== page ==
The two web designers rapidly became aware that the conventions in operation on the web are, how can we put this, very conventional. Image on the left, text on the right, the codes repeat themselves from site to site. ‘Even though in web design, you can work with the immersive, 3D, emerging technologies,’ point out the two astonished twenty-somethings. In such circumstances, how then to kickstart innovation on the web, to create sites which grab the attention? ‘By implementing genuine web experiences.’ – For that matter, note that during our discussion neither Nicolas nor Aube use the expression ‘website.’

©Augmented reality experience – KIKK Festival – Monastudio

Development, design, identity creation, 3D experiences, augmented reality, strategy or cybersecurity. As self-taught operators, the web duo has little by little developed its field of expertise. But it is also thanks to a special encounter that they have been able to widen their activity. They now work at TRAKK, the Namur creative hub established alongside the Sambre. For the most part self-employed, the creatives who occupy these premises comprise an important community in Namur’s cultural and creative sector. Without counting the hours they work, they are there above all to dare to get things going. ‘TRAKK, it’s a work space we were targeting since the beginning of Mona,’ recounts Nicolas. ‘We need a hybrid work mode, shared between where we live and a site dedicated to our work life, but we also need to be able to draw inspiration from other creators. TRAKK encourages synergies in an informal way. For one web project, we for example needed skills in 3D modelling, and it was at TRAKK that we came across the right interlocutor.’

Web design across the pond

On the subject of synergies, Nicolas and Aude are also aiming to create them in Canada. Last March they left on a mission to Quebec thanks to a Wallonia-Brussels International grant, in order to attend a cluster of conferences as well as a week dedicated to the future of digital. Nicolas owns up to having certain ties in that region of the world, having already spent time in the North American country for his Erasmus sojourn. But this new opportunity motivated the two Belgians to collaborate outside of Belgium. ‘From a technological perspective, Canada is a stunning universe. You only have to look at the number of creative agencies per square metre. For us, it’s a dream opportunity to immerse ourselves in this flow and meet people with different backgrounds in order to potentially develop partnerships or other collaborations on an international level.’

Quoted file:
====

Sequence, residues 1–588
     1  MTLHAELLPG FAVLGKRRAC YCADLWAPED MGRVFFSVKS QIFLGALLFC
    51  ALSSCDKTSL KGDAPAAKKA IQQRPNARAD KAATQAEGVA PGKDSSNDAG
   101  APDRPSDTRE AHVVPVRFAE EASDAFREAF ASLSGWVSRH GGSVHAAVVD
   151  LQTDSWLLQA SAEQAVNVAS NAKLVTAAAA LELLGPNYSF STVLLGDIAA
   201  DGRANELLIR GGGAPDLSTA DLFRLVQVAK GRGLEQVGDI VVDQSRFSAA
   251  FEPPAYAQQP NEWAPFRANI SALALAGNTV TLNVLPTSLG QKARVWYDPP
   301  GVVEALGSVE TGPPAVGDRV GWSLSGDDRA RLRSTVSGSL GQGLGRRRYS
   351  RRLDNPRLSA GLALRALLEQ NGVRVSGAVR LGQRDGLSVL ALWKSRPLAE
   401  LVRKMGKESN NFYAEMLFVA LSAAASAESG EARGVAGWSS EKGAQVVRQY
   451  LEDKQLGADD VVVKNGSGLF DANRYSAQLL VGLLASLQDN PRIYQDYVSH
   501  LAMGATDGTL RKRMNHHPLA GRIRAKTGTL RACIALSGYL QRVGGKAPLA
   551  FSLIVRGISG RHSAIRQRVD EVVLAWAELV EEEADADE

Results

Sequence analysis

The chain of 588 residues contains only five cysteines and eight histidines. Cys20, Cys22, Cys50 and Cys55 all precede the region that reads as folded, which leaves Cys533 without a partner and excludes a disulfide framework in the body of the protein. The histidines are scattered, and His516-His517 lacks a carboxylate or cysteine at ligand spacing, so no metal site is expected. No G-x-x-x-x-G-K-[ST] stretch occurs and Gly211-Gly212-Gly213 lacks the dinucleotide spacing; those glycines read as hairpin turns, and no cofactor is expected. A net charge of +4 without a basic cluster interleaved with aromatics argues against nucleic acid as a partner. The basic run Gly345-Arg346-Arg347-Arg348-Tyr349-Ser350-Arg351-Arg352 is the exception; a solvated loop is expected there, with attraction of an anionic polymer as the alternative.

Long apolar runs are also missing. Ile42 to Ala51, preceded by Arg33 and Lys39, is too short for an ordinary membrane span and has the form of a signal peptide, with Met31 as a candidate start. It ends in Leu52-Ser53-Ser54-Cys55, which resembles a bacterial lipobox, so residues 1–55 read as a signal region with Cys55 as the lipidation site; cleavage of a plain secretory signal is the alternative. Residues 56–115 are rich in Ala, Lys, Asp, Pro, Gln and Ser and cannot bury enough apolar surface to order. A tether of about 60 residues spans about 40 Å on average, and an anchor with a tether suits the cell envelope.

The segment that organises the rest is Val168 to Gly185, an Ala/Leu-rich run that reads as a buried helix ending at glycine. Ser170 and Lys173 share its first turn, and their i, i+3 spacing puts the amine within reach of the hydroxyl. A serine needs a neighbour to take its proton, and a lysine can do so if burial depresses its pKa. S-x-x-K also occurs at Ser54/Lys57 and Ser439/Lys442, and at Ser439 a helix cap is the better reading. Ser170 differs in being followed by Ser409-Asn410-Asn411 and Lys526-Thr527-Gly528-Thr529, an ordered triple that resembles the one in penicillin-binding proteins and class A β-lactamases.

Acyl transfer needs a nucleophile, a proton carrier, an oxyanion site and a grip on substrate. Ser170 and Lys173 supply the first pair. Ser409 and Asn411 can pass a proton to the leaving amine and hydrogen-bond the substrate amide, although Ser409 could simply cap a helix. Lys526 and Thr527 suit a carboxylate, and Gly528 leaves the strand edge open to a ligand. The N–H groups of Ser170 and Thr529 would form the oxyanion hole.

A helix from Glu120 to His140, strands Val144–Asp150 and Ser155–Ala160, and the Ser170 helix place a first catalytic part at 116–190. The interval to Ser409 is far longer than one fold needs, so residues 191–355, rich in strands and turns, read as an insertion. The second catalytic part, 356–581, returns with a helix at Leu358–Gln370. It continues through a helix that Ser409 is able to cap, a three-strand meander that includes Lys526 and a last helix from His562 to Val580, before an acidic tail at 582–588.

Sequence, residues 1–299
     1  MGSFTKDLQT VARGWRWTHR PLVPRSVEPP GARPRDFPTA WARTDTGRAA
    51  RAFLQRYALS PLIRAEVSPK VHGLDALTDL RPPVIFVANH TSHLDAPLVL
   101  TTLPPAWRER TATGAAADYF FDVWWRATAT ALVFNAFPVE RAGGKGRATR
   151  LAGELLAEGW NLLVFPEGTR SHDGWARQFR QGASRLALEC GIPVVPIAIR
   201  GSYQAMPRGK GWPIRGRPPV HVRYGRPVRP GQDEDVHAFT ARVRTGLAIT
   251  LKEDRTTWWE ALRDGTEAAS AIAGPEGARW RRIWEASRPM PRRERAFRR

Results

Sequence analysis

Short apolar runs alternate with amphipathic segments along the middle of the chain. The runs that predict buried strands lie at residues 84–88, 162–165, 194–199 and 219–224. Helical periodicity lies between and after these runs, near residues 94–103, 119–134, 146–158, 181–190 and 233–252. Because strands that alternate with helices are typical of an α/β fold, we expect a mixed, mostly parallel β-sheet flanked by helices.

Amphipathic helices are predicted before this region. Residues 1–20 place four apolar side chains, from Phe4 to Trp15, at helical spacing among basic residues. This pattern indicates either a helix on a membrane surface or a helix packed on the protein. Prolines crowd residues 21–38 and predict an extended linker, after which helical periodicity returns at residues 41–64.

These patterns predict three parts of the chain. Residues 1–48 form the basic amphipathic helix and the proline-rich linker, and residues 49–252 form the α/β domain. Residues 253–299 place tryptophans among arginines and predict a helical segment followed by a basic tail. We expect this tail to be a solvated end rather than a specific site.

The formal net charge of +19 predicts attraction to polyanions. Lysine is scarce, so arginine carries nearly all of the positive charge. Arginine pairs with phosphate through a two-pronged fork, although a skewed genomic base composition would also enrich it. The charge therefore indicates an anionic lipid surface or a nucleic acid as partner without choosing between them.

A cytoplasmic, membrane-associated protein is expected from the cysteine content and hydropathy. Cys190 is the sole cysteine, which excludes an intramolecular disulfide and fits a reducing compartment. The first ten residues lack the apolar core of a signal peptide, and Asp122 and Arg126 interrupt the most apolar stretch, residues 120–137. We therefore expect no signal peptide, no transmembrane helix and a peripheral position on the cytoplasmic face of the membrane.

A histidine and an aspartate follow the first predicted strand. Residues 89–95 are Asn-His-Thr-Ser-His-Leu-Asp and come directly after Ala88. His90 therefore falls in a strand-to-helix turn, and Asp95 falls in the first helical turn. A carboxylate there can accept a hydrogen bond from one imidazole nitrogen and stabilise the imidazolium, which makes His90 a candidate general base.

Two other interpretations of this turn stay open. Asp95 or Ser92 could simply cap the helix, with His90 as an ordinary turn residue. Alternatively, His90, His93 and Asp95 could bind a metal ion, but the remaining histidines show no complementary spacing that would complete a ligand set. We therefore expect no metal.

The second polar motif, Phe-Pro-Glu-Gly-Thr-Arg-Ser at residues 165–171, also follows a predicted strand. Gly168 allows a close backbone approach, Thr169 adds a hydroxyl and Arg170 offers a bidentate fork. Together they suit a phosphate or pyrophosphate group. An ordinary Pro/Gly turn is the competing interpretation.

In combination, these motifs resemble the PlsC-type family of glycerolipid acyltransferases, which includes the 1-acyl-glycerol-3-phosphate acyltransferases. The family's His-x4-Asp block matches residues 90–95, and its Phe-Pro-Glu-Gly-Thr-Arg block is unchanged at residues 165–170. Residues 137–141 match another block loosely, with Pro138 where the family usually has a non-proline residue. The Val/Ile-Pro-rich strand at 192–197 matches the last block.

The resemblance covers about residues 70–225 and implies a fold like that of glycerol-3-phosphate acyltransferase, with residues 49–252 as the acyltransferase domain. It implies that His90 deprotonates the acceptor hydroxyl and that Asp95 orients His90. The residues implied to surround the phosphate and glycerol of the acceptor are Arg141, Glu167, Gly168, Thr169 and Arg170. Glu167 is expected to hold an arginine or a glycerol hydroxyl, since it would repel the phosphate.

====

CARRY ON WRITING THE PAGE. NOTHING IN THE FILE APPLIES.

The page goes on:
Web design is a kind of universal language. But the way of approaching projects with the clients in Canada is radically different.

Apart from the possibilities to exchange skills, the Canadian work culture is quite singular in comparison with Belgium, which inspires the Monastudio founders. ‘Web design is a kind of universal language, the practices are more or less comparable internationally. But the way of approaching projects with the clients in Canada is radically different. In Europe, there is a tendency to beat about the bush, without saying clearly what you think about the first working version. Certain clients give us carte blanche, but when we do something bold which goes off the well-worn paths of the web, we sometimes sense a certain reticence, and we have to backtrack towards something more standard. In Canada, everything is very direct, which means that the projects keep moving forwards. You suggest something that is maybe less complete, a work-in-progress, but there is no fear of innovation and risk.’

The proximity with the United States, the hectic pace of Silicon Valley, certainly generates a race in the land of the maple leaf which would sooner step on the accelerator to be in the lead in the tech sector. For their part, Nicolas and Aude continue to educate themselves on a daily basis, but they also acknowledge that they have fallen into the habit, like many entrepreneurs, of working a great deal, and at times losing the balance between private and work life. Nevertheless, the two young web designers consider that even with the emergence of artificial intelligences (AIs), their profession is not destined to disappear. ‘That won’t happen. It is being steered towards evolving, true enough, as is the case with the nature of websites. For us, the standardised web will struggle. You can see that much already with the wave of free sites which are losing their momentum. Free of charge is merely a ploy in terms of referencing, but not only. What will endure is the web experience and the creativity that we will always be able to breathe into it.’